“I called up Roy and said, ‘Can I come down there for one year as a volunteer coach? I had no intention of doing anything more than that.’” Roy, of course, was UH Head Coach Leroy Burrell, a fellow alum, All-American long jumper, and world-record-setting sprinter, who won Olympic gold in the 4x100-meter relay race, in 1992. Burrell had taken over the UH track from his mentor, one of the greatest American track coaches of all time, Tom Tellez, in 1998.
Today Lewis has been with the university for five years. He’s now on the payroll as a full-time sprints coach. And he is, in fact, doing what he set out to do: improving the state of American men’s sprinting. The UH track team has evolved shockingly fast.
Setting Burrell and Lewis apart from other coaches is the fact that they both have accomplished what sprinters on their team hope to do. Each has set collegiate and world records; each has been referred to, at one time, as “the world’s fastest man.” Their experience and knowledge, along with the support of three assistant coaches and a weight trainer, have allowed them to cultivate a new generation of elite athletes while operating on just half the resources found at rival programs like the ones at Florida or LSU, both of which rake in huge dollars to fund athletic programming through football.
Student tuition currently pays for half of Houston’s $60 million athletic budget, of which track operates on roughly $2.2 million per year. “For lack of better terms,” says Burrell, “we don’t really care what others think. We’re doing this with the resources we have.”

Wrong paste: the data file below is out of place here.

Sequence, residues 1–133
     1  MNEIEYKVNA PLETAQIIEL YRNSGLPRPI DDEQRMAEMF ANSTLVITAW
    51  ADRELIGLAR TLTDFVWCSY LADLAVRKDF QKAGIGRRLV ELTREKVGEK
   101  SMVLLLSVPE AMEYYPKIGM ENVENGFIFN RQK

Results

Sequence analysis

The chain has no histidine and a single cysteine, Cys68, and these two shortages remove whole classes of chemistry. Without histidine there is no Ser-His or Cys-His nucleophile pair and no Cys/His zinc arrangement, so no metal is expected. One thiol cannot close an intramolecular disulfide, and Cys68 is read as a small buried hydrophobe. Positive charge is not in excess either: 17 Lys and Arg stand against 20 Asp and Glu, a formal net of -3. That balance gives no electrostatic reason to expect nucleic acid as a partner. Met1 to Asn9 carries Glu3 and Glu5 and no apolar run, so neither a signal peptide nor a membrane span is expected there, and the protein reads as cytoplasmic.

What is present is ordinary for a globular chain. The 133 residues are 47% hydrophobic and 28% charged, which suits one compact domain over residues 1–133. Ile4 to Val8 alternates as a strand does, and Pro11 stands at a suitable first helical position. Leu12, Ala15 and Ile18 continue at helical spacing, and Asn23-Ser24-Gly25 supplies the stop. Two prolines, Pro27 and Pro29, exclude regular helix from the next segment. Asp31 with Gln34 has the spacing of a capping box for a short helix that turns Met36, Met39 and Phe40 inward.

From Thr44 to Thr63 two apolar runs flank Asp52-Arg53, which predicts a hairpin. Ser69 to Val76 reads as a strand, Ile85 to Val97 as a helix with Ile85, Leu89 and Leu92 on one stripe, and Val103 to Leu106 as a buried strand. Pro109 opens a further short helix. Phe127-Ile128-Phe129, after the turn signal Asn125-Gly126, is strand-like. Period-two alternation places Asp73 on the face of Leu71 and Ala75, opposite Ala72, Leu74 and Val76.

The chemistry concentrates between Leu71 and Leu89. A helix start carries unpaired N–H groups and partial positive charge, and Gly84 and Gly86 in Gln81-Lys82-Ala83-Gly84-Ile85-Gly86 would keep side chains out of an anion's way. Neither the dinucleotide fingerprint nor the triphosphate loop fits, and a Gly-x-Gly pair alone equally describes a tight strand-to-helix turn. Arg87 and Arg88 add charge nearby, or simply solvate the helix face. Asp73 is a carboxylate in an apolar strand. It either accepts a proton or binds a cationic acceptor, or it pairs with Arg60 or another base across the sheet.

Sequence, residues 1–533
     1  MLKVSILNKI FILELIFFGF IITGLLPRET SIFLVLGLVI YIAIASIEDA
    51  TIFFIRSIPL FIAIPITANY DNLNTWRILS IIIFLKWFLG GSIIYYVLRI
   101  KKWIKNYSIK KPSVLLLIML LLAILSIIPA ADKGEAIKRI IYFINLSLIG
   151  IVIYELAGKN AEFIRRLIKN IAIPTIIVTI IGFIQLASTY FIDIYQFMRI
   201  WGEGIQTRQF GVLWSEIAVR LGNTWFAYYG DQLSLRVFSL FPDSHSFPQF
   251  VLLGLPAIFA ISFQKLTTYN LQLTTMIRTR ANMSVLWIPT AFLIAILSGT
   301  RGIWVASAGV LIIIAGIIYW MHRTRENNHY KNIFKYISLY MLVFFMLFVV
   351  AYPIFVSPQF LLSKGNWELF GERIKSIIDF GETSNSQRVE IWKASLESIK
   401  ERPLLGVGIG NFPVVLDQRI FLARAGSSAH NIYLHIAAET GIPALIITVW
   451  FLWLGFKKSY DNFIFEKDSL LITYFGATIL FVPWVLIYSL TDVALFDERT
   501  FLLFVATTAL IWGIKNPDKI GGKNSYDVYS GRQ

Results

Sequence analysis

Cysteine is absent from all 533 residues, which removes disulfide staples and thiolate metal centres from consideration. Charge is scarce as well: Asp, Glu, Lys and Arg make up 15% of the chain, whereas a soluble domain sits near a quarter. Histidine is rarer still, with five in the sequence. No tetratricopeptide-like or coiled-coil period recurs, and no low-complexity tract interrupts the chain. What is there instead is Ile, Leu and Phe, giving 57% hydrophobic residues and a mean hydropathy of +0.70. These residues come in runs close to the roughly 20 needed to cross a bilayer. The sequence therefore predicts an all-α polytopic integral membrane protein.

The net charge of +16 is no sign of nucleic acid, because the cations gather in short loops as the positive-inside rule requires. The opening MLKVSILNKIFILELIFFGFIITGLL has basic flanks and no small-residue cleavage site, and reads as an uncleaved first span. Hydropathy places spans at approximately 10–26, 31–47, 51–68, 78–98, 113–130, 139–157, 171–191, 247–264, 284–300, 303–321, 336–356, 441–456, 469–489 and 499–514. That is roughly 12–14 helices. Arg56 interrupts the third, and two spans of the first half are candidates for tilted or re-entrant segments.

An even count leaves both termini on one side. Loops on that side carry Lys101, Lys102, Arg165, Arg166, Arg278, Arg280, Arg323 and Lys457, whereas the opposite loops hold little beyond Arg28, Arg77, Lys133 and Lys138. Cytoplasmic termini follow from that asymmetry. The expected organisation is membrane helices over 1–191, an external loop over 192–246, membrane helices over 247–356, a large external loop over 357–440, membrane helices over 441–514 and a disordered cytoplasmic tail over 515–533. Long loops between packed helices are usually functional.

Luckily, one of those resources is a brand-new, state-of-the-art, $2 million indoor hydraulic track donated by Net Lease Capital, installed in the university’s Yeoman Fieldhouse, fresh for the 2019 season. Having access to this track, of which there are only 10 in the country—including the one they’ll compete on at this year’s Division I NCAA Indoor Championships in Birmingham, Alabama—should give UH students a leg up.
The program has other advantages, too. Its track coaches still employ the training system developed by retired coach Tom Tellez, who took a scientific approach to coaching, incorporating physiology, kinesiology, and biomechanics into his regime to help his runners get fitter and faster. “He went down to NASA and was like, ‘Excuse me, is this correct?’” says Lewis. It was. Tellez published his research in scientific journals, and his methods are still used today throughout the world.
Lewis has added his own spin to that program. Runners work out in tiered groups based on their 60-meter times—some guys can run 6.5, others 7.0. So, Lewis explains, their objective becomes, Oh my goodness, I want to get into the next group. “It creates competition in practice,” he says. Meanwhile, his work with the sprinters has freed up Burrell to think strategically about the bigger picture and focus on developing 400-meter runners.
There’s also another asset. “We have the best city in the world for high school track and field,” says Lewis. Kids who are serious about running here usually join a youth track club. Lewis, Burrell, and a few fellow Olympians helped start one, CL Stars, in 2001. Joe DeLoach, the 200-meter Olympic gold medalist, serves as coach.
“All we have to do is keep kids here focused on staying home,” says Lewis, “and focusing on their dream.”
More than a dozen CL Star alumni, including John Lewis and Eli Hall, have gone on to run for UH, and now that Coach Burrell and Coach Lewis have added a post-collegiate training program at the school, they’ve created a veritable school-to-Olympics pipeline. The 2020 Olympic trials will be the first litmus test for this approach.
It was during Coach Lewis’s first year, 2013, that UH welcomed Houston sprinting star Cameron Burrell—also known as Coach Burrell’s extremely fast son. That same year, Coach Lewis promised the school’s president, Renu Khator, that its track team would have no fewer than five Olympians at the 2020 summer games and would win an NCAA championship, too.
“He has this belief in what we can be,” Burrell says. “A damn-the-torpedoes mentality. He brings a competitiveness to the team.”